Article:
MOKENA, Ill. (AP) -- The five American troops killed in a friendly fire airstrike included an Illinois soldier who went to Afghanistan a month after his father died, an Ohio man who was engaged to be married, a California Green Beret who only deployed in January, and Washington state man who loved the outdoors.
Pentagon spokesman Rear Adm. John Kirby said the five were killed Monday "during a security operation in southern Afghanistan." Officials said an airstrike was called in after the unit was ambushed by the Taliban. It was one of the deadliest friendly fire incidents in nearly 14 years of war.
Family representatives of Aaron Toppen of Illinois and Justin Helton of Ohio told The Associated Press that military members came to their relatives' doors in the middle of the night to deliver the news of the deaths.
Relatives and local schools on Wednesday confirmed the deaths of Justin Clouse of Washington and Staff Sgt. Scott Studenmund of California. The other victim has not yet been identified.
Here is a look at the lives of Toppen, Helton, Studenmund and Clouse:
Aaron Toppen, 19
Family members of Toppen remembered him as a kind-hearted man who had aspired to a career in the military or law enforcement.
"Aaron was predisposed to serve. He was very keen to be in the military," his uncle Jack Winter said. "He was quite proud to be there."
It was the second death of a loved one for the family this year. Toppen, from the Illinois city of Mokena, about 40 miles southwest of Chicago, was set to leave for Afghanistan in February. But his gravely ill father died that month, and he stayed for the funeral. He deployed in March.
Toppen was a graduate of Lincoln-Way East High in Frankfort, Illinois, and loved the outdoors, especially fishing. Family members at the home Tuesday circulated a picture of Toppen as a young child sitting next to his father in a fishing boat.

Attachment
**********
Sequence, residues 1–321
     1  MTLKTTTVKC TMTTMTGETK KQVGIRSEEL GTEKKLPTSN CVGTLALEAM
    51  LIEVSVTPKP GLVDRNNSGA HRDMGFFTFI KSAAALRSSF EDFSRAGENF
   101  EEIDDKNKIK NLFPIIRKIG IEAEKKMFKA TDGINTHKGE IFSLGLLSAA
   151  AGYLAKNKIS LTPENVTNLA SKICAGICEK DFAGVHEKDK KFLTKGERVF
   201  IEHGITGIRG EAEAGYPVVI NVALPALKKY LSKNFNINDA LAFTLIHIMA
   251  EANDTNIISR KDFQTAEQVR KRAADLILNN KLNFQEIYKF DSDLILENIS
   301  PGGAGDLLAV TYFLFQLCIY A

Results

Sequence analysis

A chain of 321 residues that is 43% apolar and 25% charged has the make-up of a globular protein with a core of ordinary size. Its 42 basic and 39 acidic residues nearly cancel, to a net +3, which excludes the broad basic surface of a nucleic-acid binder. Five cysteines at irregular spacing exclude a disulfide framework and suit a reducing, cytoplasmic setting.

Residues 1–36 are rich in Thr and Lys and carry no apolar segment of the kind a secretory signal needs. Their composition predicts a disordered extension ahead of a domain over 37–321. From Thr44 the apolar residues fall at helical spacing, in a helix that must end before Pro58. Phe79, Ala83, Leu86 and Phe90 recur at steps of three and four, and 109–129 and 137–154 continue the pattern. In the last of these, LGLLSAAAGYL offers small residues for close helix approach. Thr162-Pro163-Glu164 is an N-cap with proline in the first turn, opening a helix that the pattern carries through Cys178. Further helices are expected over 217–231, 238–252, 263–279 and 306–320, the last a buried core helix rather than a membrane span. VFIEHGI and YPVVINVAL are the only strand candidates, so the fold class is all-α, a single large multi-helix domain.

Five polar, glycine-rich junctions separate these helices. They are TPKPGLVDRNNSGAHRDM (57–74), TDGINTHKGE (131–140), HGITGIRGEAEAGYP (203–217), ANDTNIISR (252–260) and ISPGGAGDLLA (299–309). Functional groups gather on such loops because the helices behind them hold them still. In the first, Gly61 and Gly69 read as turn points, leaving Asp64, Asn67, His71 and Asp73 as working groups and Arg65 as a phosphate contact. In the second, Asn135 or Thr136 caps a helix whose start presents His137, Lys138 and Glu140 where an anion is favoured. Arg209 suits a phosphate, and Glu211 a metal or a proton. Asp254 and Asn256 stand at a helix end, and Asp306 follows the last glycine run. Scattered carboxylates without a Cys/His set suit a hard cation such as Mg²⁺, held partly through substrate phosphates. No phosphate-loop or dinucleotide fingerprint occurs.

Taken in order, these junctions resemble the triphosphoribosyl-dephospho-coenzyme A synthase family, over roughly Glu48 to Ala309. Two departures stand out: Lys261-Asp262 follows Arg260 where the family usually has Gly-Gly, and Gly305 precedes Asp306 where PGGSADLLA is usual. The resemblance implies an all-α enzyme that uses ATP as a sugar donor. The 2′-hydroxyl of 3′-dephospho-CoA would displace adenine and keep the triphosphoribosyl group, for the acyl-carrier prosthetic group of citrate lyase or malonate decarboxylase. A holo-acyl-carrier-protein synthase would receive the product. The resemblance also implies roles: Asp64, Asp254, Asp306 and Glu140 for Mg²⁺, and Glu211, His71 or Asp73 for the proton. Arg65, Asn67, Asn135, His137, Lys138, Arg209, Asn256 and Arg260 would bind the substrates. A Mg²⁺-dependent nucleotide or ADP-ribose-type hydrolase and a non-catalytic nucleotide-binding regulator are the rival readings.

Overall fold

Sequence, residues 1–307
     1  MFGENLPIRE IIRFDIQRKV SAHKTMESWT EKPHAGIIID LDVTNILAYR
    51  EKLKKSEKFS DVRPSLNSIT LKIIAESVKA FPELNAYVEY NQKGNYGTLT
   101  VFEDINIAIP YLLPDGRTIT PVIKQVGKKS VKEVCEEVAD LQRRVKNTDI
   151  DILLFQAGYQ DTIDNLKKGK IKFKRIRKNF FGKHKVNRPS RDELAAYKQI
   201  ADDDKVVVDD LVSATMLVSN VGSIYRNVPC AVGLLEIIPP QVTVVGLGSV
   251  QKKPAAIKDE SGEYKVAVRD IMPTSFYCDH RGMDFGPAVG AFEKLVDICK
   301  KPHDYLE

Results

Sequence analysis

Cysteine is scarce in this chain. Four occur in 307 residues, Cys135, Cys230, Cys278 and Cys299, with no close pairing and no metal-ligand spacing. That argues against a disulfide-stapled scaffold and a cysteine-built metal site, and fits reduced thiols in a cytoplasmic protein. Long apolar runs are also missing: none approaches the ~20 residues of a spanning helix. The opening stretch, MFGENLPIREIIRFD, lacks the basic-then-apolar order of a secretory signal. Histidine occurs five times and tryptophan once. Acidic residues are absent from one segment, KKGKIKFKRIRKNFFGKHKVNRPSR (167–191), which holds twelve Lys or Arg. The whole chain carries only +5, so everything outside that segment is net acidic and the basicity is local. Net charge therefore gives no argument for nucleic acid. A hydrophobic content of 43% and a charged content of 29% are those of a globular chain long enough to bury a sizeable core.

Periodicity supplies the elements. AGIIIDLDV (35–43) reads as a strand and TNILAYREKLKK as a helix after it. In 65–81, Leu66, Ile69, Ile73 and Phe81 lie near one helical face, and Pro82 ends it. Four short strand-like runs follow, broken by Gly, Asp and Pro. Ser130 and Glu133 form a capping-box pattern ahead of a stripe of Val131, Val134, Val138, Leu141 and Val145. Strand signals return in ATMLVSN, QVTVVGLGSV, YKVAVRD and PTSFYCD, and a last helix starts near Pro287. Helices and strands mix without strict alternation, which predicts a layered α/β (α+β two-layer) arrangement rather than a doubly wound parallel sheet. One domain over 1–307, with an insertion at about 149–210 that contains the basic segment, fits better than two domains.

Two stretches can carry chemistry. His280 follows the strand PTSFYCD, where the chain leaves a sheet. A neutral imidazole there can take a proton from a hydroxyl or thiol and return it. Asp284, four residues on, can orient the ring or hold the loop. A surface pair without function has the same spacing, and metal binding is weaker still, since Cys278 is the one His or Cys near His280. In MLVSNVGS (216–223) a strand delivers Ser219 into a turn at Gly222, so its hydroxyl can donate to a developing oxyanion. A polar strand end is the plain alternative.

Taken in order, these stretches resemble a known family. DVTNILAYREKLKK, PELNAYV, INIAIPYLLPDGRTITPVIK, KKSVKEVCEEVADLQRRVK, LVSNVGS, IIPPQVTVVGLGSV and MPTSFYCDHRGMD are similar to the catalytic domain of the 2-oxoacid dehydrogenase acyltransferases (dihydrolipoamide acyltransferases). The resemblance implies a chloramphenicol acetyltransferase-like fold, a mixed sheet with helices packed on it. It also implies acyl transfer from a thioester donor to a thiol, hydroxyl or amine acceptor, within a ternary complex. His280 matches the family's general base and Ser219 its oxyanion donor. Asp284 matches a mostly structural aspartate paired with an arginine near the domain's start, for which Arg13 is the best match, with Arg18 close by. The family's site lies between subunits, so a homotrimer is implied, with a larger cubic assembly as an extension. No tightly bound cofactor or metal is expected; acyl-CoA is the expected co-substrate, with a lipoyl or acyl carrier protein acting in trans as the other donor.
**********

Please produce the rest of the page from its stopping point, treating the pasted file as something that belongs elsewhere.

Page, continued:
"He was something somewhat rare in youth culture today. ... In a word, I would summarize what he had as 'class,'" Winter said of his nephew. "So rarely now do you see somebody like that who truly does have class, who's polite, humble, loyal, who's a kind-hearted soul, generous."
Toppen was the youngest of three children.
Justin Helton, 25
Helton had been in the Army since 2010 but had been in Afghanistan for only about two months, according to cousin Mindy Helton. It was his first deployment, and he expected to be home in about six months, she said.
She said her cousin specialized in dealing with explosives and was based out of Fort Bragg, North Carolina. She also said he was engaged. His parents live in Beaver, a two-hour drive east of Cincinnati, Ohio.
"He was a great boy, so full of life and outgoing," she said. "He loved hunting and the outdoors."
The 2006 graduate of Beaver's Eastern High School was known to friends and family as Buck and was a quiet leader, Robert Day, his high school baseball coach, told WCMH-TV in Columbus.
Tim Hattle, who had known Helton since grade school, told the station that he messaged his friend on Facebook last week.
"He said time was really dragging over there. I said, 'Just don't worry. You'll be home soon.' And to be safe," Hattle said. "Then I told him I loved him."
Scott Studenmund, 24
Staff Sgt. Studenmund of Pasadena, California, was deployed to Afghanistan in January and was set to return home in August. His mother is former eHarmony CEO Jaynie Studenmund, and his father is Woody Studenmund, an economics professor at Occidental College in Los Angeles.
Scott Studenmund was a 2008 graduate of Flintridge Preparatory School in the Los Angeles foothill suburb of La Canada Flintridge.
Both schools confirmed his death Wednesday with permission from the family.
Studenmund was a "brave, virtuous patriot" who played football and ran track at Flintridge and loved military history and a good debate, the school said in a statement.
"When I think about Scott's service, I think of the Founding Fathers -- a virtuous man must be prepared to risk his life, fortune and sacred honor for his country," Headmaster Peter Bachmann said in the statement.
Though undersized for a defensive position, "he made our defense go," football coach and science teacher Glen Beattie said. "He was aggressive, quick and wouldn't let anyone block him or dominate him. He would fight through anything and would not let himself be defeated."